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The Student News Site of Sacramento City College

The Express

The Student News Site of Sacramento City College

The Express

City College women’s wrestling makes its debut

Photo courtesy of City College Athletics Photographer, Dianna Rose (@dkayphotos)

City College now has a competitive women’s wrestling for the first time. 

Leading the team is head coach Marques Gales who is in his fourth year as coach for the men’s wrestling team and his first year as coach for the women’s team.

“Women’s wrestling has been a thing at the university level for about 20 years, but this is the first year of California junior college competition,” Gales said. 

City College decided to add the sport as a club first, before adding it into the athletic department. This year, the women’s wrestling team are hoping for approval to be officially added as an intercollegiate sport for the 2023-2024 school year.

In order to get players for the team, sports administration relied on the creation of the new women’s wrestling club, which attracted interested students.

There are currently 12 wrestlers on the women’s roster, but only nine are competing this year. Gales hopes to see the team finish in the top three at the state championships in April and said he is excited to see the program grow and evolve. 

“For junior college in California, women have the same rules as men. However, at the 4-year level, women wrestle freestyle,” Gales said. That means that at the community college level the wrestlers do folkstyle wrestling, where a wrestler tries to control their opponent. Then at the higher level they do freestyle, which places more emphasis on exposure points and pinning or exposing your opponent’s shoulder to the mat.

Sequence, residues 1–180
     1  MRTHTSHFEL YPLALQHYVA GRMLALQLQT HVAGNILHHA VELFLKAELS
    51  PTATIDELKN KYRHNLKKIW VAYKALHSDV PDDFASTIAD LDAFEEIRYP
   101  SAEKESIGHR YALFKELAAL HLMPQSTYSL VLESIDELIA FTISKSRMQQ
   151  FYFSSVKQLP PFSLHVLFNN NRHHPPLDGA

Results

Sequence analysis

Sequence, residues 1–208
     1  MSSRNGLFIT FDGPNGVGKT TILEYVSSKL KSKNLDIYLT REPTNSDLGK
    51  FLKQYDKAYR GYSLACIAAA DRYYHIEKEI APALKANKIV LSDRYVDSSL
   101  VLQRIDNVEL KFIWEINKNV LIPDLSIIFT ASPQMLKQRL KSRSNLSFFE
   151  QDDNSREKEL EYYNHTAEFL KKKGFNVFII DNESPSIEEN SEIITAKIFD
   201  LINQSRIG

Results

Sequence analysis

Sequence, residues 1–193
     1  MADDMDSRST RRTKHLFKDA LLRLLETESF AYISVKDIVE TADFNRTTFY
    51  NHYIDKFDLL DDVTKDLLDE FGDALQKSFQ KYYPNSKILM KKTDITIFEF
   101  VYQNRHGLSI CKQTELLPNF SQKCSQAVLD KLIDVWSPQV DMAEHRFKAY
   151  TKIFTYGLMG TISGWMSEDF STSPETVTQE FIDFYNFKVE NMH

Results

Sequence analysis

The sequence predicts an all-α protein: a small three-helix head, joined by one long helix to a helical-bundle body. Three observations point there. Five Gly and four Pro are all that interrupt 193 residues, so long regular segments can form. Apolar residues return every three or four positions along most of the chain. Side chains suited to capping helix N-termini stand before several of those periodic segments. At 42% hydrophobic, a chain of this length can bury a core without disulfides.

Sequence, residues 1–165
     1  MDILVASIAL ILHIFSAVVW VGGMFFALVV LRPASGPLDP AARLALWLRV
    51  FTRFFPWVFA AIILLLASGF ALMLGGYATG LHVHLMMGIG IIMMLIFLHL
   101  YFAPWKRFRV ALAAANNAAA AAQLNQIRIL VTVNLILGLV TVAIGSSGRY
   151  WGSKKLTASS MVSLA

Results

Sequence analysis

“For the first month of our season, we compete against 4-year schools in freestyle but switch to folkstyle for the rest of the season,” Gales said. “We defeated Simpson University, 24-20 in freestyle and defeated Fresno City College 30-16 in folkstyle.”  

One of the athletes on the inaugural team is Atziry Chavez. “I fell in love with wrestling because of the mentality that comes with it,” she said. “Wrestling is the ultimate form of respect, we shake hands at the beginning and leave everything out there on the mat. Then win or lose you shake hands again gaining experience with either outcome. I feel proud to be a part of the first women’s wrestling team in Sac City history.”

Her teammate Sirauh Teng agreed. “To compete at the junior college level feels like a privilege,” Teng said. “I represent Sac City women’s wrestling with pride. It’s such a genuine experience to be a part of this emerging sport.”

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